How can the problem seem too massive to you but invisible to me? Could to explain the problem and quantify why you believe it's a massive problem?

Germany has some recycling plants with modern sorting machines, almost entirely automated, it’s quite impressive to see it working.

https://youtu.be/I_fUpP-hq3A

I was checking for details a few days ago, they announce on their website 53% of their input recycled, and 47% used for “energy recovery” (which is newspeak to say they burn it for the cement and steel industry).

I was surprised by the fact that they burn so much but 47% is apparently considered very good.


Burning plastic in a modern (read: clean) incinerator is probably the best thing to do with it at this point. It's certainly better than burying it in a landfill. Of course, it would be better to just not make it in the first place.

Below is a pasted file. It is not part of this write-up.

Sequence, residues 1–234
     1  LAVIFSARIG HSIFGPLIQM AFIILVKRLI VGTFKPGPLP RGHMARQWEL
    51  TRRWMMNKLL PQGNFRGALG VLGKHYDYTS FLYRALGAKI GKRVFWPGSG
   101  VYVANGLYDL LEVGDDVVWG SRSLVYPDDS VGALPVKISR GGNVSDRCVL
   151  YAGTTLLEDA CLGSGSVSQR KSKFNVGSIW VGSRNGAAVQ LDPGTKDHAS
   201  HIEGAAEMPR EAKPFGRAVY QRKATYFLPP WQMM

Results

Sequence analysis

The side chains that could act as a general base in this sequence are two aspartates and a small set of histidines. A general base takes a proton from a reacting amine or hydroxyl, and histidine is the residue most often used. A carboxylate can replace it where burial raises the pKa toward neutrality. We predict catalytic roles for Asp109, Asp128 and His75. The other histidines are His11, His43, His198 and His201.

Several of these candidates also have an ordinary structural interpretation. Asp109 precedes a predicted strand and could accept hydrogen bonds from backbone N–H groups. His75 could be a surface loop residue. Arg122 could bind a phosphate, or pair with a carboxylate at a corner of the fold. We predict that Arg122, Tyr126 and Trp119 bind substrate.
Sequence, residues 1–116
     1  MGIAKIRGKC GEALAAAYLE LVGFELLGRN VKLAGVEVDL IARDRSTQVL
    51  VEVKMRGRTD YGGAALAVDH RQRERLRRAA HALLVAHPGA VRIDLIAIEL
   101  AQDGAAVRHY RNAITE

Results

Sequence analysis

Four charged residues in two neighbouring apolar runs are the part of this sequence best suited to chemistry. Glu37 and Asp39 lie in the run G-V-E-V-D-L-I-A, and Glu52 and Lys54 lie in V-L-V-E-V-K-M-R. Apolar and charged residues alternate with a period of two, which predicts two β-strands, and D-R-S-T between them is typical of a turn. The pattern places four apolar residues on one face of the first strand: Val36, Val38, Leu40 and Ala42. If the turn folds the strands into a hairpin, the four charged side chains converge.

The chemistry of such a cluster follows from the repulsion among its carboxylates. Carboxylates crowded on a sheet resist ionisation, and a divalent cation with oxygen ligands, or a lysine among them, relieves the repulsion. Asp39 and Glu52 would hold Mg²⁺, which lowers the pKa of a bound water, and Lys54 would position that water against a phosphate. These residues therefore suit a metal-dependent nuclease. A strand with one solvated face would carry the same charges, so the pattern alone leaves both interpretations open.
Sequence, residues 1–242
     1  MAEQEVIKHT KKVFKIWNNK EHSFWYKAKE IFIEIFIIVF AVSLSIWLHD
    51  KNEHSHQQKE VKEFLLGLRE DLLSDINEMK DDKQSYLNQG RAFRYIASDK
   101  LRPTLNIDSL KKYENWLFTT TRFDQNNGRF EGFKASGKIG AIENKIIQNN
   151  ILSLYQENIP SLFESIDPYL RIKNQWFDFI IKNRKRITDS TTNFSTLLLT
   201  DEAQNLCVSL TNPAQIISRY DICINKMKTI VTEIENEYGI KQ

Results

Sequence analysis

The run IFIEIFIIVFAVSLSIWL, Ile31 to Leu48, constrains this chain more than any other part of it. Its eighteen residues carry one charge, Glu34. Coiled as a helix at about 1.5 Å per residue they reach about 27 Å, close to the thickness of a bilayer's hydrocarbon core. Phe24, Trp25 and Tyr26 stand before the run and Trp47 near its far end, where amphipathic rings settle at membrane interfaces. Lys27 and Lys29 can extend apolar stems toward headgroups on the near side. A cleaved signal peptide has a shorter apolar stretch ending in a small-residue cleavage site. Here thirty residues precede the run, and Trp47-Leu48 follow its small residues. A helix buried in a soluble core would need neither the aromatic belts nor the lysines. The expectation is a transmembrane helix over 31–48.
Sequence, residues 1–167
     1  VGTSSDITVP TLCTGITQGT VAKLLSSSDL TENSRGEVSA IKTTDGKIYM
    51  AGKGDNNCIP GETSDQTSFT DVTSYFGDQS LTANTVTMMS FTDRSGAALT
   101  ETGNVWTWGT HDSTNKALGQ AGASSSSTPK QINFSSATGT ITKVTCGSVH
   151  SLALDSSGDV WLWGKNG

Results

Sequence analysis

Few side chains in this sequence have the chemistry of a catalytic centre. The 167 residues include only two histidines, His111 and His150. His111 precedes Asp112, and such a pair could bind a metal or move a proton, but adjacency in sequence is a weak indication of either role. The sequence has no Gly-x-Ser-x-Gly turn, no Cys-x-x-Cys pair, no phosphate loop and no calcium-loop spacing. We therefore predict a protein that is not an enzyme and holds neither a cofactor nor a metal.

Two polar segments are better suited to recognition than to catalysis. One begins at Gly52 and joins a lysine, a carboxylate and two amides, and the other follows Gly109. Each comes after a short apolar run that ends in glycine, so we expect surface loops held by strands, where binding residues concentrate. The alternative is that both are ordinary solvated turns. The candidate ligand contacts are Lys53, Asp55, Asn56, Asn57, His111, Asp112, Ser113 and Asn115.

Yes, that’s what I read. It still feels dirty and counter intuitive IMHO, but I get that by doing so they can avoid using even more fossil fuel.

Regarding the German system, they could really improve the percentage of recycled plastic trash by using more explicit bins, you currently have one single yellow bin for anything recyclable instead of one for PET, one or aluminum, etc. Because of this it is always a bit difficult to know what is supposed to go or not in the bin, and people just put everything they think is plastic.


Listen to the latest episode of Planet Money.

https://www.npr.org/podcasts/510289/planet-money


This. Most plastics can't be recycled; it was a PR play by the plastic industry decades ago. Using plastics for such things as medical devices and such makes complete sense to me. Using plastics for items which inherently are only used for a few minutes or an hour (see the F&B industry) makes no sense at all to me.

"Using plastics for items which inherently are only used for a few minutes or an hour"

Of course it makes sense. Plastic is cheap, light, watertight, strong, and mallable.